A growing number of employers have recognized that a combination of HSAs and 401(k) plans may improve both the company’s overall benefits program and employee well-being. However, too many employers and their employees are missing out on this triple tax-advantaged savings plan – to the tune of an average of $119,000 in retirement savings, according to Fidelity Investments research. Ignorance and misconceptions conspire to make HSAs not as ubiquitous as they should be.
Many have already jumped on the HSA bandwagon
Fidelity Investments, one of the largest 401(k) record keeper, has seen tremendous growth in the HSA space, with a 50 percent increase in HSA assets so far in 2018. One-quarter of employees who are offered HSAs utilize them. The total number of HSAs nationwide increased 329 percent from 2011 to 2017, and total funds deposited reached $45.2 billion as of December 2017. The monies deposited figure is projected to reach $64 billion by the end of 2019.
According to Eric Dowley at Fidelity, “With more than half of Americans naming rising health care costs as a top financial concern, this increased adoption of HSAs shows an encouraging trend that more people are making health care savings a priority.”
Companies and their workers are missing out
Why haven’t more employees joined in the HSA boon? Employee ignorance may explain why they aren’t clamoring for access to HSAs or even using them when available. Lack of awareness of how an HSA works and its myriad of benefits likely are preventing a surplus of companies from offering them. Many employers also have misconceptions about HSAs and how they may be able to enhance a company’s 401(k) plan to bolster their overall benefits program.
What is an HSA and why employees should want one
To combat the burdensome costs of health care, which is exacerbated as workers age and eventually retire, employees need all the help they can get. HSAs enable individuals covered by a High Deductible Health Plan (HDHP) to set aside money on a pre-tax basis in a special account to pay for certain health care costs. HSAs operate as a triple tax-advantaged savings account:
- Contributions are tax-deductible, or if made through a payroll deduction, treated on a pre-tax basis.
- Money invested has the potential to grow tax-free.
- Employees may make tax-free withdrawals for qualified medical expenses.
HSAs give employees adaptable spending models based on their varying needs. These funds can be used toward deductibles, copayments, coinsurance, prescription drugs and out-of-network provider visits for eligible medical, dental and vision needs. Employees with HDHPs also are legally protected for their maximum out of pocket expenses.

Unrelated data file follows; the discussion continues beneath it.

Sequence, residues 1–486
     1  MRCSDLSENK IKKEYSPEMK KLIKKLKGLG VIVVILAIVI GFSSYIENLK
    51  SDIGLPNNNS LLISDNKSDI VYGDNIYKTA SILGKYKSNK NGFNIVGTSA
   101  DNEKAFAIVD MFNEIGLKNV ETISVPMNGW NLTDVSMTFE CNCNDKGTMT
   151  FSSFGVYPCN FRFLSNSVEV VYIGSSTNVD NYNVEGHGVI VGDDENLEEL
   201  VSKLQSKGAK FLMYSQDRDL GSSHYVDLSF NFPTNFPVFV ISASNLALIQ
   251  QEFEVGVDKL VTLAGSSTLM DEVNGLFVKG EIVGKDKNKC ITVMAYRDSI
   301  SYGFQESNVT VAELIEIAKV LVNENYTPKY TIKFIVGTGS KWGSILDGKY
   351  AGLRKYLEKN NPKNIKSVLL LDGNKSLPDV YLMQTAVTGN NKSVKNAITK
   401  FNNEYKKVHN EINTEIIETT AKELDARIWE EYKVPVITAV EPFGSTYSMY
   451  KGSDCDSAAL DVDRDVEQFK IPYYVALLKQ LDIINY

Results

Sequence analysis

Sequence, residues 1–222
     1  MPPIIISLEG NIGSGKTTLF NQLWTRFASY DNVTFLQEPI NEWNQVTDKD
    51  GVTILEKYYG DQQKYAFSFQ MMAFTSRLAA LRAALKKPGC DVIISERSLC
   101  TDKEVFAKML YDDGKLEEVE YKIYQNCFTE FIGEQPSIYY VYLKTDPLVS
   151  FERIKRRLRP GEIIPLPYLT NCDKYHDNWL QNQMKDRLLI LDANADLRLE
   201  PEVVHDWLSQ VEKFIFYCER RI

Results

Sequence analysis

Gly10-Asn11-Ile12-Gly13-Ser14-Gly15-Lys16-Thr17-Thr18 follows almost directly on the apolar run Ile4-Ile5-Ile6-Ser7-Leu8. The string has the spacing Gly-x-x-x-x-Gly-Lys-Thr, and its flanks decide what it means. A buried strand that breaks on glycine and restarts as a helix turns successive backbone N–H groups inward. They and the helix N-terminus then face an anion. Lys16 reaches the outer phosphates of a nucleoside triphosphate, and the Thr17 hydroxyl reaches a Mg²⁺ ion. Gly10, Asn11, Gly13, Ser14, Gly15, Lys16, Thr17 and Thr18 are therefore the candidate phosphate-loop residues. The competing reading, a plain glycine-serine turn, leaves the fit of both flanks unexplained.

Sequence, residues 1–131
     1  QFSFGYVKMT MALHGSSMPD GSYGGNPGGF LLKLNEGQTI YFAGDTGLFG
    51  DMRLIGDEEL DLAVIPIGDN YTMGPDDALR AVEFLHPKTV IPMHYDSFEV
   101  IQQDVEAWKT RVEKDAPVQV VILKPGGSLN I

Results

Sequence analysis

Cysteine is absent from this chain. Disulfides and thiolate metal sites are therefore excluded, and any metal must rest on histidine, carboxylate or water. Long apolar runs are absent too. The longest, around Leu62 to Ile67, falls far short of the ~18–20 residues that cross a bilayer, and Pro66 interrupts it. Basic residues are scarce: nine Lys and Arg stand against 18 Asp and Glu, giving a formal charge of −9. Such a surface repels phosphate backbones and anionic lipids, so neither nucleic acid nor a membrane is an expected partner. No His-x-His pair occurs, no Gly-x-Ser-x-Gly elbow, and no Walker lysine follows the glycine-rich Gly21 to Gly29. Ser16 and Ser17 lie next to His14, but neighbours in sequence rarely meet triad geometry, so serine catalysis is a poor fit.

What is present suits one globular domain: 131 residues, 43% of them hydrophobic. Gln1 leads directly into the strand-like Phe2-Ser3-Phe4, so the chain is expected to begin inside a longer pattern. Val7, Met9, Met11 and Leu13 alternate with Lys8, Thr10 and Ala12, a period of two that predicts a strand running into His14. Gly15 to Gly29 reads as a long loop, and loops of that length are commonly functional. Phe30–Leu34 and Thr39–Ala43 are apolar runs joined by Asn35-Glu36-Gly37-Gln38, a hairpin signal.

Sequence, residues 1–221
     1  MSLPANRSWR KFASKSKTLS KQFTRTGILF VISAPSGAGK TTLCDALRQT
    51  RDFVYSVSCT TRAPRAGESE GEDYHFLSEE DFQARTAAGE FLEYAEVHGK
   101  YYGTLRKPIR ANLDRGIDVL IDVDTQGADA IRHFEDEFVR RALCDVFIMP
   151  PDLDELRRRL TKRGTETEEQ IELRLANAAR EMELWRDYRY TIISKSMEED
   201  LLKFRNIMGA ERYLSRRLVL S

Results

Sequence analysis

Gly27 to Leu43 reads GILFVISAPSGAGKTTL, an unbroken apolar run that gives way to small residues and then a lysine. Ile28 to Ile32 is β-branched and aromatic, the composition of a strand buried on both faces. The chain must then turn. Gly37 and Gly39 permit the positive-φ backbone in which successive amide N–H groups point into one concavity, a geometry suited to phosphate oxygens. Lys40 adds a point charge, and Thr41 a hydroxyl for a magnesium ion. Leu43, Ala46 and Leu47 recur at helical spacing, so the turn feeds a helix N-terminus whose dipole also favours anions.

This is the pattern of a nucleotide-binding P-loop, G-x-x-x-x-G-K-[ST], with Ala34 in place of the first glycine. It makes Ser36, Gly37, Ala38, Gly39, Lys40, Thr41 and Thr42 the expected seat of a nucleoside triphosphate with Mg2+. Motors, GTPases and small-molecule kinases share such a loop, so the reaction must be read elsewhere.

However, such benefits are only valuable if they are realized and understood. According to one report, only 51 percent of Americans consider themselves knowledgeable about HSAs. Many Americans have no clue that they can use their HSA assets accumulated while they work for health care expenses they’ll inevitably incur after they retire. That same study finds that an alarming 40 percent of Americans surveyed presume that all HSA funds must be used by year’s end. Such myths explain why so many employees are leaving considerable retirement dollars on the table.
What’s good for the employee is also good for the employer
Employees hardly hold a monopoly on confusion and ignorance with regard to HSAs; employers have a hearty share as well. Too many are unaware that the most significant benefit afforded by an HSA is tax savings, which can be applied to other outlets. Nor do they recognize the significant non-tax benefits as well.
When an employee makes an HSA contribution, no payroll taxes are paid on that amount, lowering FICA and unemployment tax liability for both employee and company. There also is a federal income tax deduction for contributions made into an HSA account. HSA-qualified plans also tend to have lower monthly premiums than other plans.
Non-tax-related advantages for employers include that for an HSA, the employee is the sole account holder, unlike for a Flexible Spending Account (FSA) or a 401(k). Thus, employers don’t need to manage expenses for their employees. Another benefit is that employers can provide their employees a more lucrative overall benefits package in the long run for the simple reason that, unlike an HSA’s contributions, money invested in a 401(k) plan is taxed upon withdrawal.
The federal government, through its tax laws, genuinely wants to help individuals finance the skyrocketing costs of health care. They incentivize employers to offer HSAs and employees to take advantage of them when offered. To miss out on this valuable opportunity, whether due to lack of knowledge or confusion, is disappointing. When used in tandem with a company’s 401(k) plan, HSAs allow a company to provide a benefits package that may improve their employees’ health care cost management while augmenting their retirement savings. Many have accepted this opportunity; many more likely will.
This information is not intended as authoritative guidance or tax or legal advice. Each plan has unique requirements, and you should consult your attorney or tax advisor for guidance on your specific situation. In no way does advisor assure that, by using the information provided, plan sponsor will be in compliance with ERISA regulations.